Her heart gave a great thump and her body froze. Oh God! Oh God! Adrenaline shot through her, and she wrenched her gaze from the billowing smoke, scanning the cramped cabin to see if any of the other five passengers had seen it. Shit. No one else had noticed a damn thing.
Corrine snapped her attention toward the cockpit. “Captain!”
The word had barely left her mouth when the harsh, insistent beep of the alarm sounded throughout the tiny cabin.
“Mayday, Mayday, Mayday. Blue Skies T-RVR has engine failure. Forced landing imminent. Currently two miles east of St. Agnes. Repeat. Blue Skies...”
“Oh, my God. We’re going to crash.”
“We’re all gonna die.”
“Oh, God, oh, Jesus help me...” General shrieking dissolved into hysterical screams, curses, and weeping.
Heart now beating like a drumroll, Corrine glanced out the window. The beautiful green fields were now rushing toward her with a sickening certainty.
“Assume crash positions!”
She flopped forward, butting her head on the seat in front of her, and clutched her ankles. God, this couldn’t be happening.
Hail Mary, full of grace, the Lord is with thee...
The alarms continued their deafening peal as the prayer ran through her head, and she held her breath and waited for impact.
She slammed forward, hitting her head again, so hard this time her teeth clicked despite her tightly clenched jaw. The plane bounced, fishtailed…and began to slow.
Alive. Thank God, they were still alive. Relief washed through her, so acute she went limp in her seat, simultaneously discovering an urgent need to pee. Cautiously, she raised her head, the chattering and crying all around her making it spin, although that could’ve been the result of that last bang into the seatback. The plane continued to slow, and the black smoke was now pouring out of the engine. Its propeller had stopped turning. Shit, it could still blow up at any minute.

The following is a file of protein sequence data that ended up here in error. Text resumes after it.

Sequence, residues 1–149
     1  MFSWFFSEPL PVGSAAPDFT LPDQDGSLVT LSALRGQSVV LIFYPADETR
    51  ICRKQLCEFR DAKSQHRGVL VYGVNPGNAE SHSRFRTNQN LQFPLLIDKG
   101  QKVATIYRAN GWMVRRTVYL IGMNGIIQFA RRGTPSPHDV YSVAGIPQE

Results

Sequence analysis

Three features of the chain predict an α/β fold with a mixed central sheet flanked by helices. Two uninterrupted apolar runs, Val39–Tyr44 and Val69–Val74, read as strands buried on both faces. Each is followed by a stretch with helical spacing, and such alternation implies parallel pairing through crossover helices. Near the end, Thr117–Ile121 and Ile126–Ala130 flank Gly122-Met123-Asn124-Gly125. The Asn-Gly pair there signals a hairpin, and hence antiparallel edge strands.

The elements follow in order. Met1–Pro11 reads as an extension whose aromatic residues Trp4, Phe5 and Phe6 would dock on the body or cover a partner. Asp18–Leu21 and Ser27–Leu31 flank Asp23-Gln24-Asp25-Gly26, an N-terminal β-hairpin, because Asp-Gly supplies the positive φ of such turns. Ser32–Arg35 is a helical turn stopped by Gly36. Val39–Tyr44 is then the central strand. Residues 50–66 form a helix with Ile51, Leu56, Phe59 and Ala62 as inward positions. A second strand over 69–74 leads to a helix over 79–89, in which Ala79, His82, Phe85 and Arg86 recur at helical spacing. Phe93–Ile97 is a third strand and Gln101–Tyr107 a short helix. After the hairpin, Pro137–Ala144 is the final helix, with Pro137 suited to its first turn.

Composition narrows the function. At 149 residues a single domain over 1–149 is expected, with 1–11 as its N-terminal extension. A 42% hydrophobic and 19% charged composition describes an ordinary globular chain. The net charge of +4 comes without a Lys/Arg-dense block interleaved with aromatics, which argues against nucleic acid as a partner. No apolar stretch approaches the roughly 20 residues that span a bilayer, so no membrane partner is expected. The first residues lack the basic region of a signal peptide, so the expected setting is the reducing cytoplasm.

She ripped the seatbelt free and bolted for the door directly behind her. One man was there before her, grasping the handle and twisting it viciously back and forth. The rest of the passengers crowded her, pushing her into the man, who still couldn’t get the damned door open.
“Ladies and gentlemen, take your seats please.” The captain shouted over his shoulder, still wrestling with the controls. “Let the airplane come to a complete stop!”
Corrine stared through the window at the billowing black smoke. Fuck that. She shoved past the man in front of her and wrenched his hand away from the handle. She grasped it, twisted it all the way up until she felt a click then pushed.
The door popped open so fast Corrine didn’t have time to let go. It swung away, pulling her out of the plane onto the wing over the failing engine. Acrid smoke wafted around her, stinging her eyes and nose. She took a breath and coughed, eyes streaming.
The plane slowed drastically, though it bounced over the rough tufts of grass fast enough to shake Corrine until her teeth rattled. Adrenaline surged as she held her breath and jumped.
Jenna Jaxon is a multi-published author of historical and contemporary romance. She has been reading and writing historical romance since she was a teenager. A romantic herself, she has always loved a dark side to the genre, a twist, suspense, a surprise. She tries to incorporate all of these elements into her own stories. She lives in Virginia with her family and a small menagerie of pets. When not reading or writing, she indulges her passion for the theatre, working with local theatres as a director. She often feels she is directing her characters on their own private stage.
Jenna is a PAN member of Romance Writers of America as well as President of Chesapeake Romance Writers, her local chapter of RWA. Her debut novel, Only Scandal Will Do, is the first in her House of Pleasure series, set in Georgian London. Only Marriage Will Do, the second book in the series, is set to release in mid-June 2015 from Kensington. Her medieval serial novel, Time Enough to Love: Betrothal, Betrayal, and Beleaguered, is a Romeo & Juliet-esque tale, set at the time of the Black Death. The companion short story, Beloveds, released in early June 2015. And a time travel novella, Crashing Through Time, will release in early July as part of a boxed set about seven plane crashes that lead to love called Crashing Into Love.
She has equated her writing to an addiction to chocolate because once she starts she just can’t stop.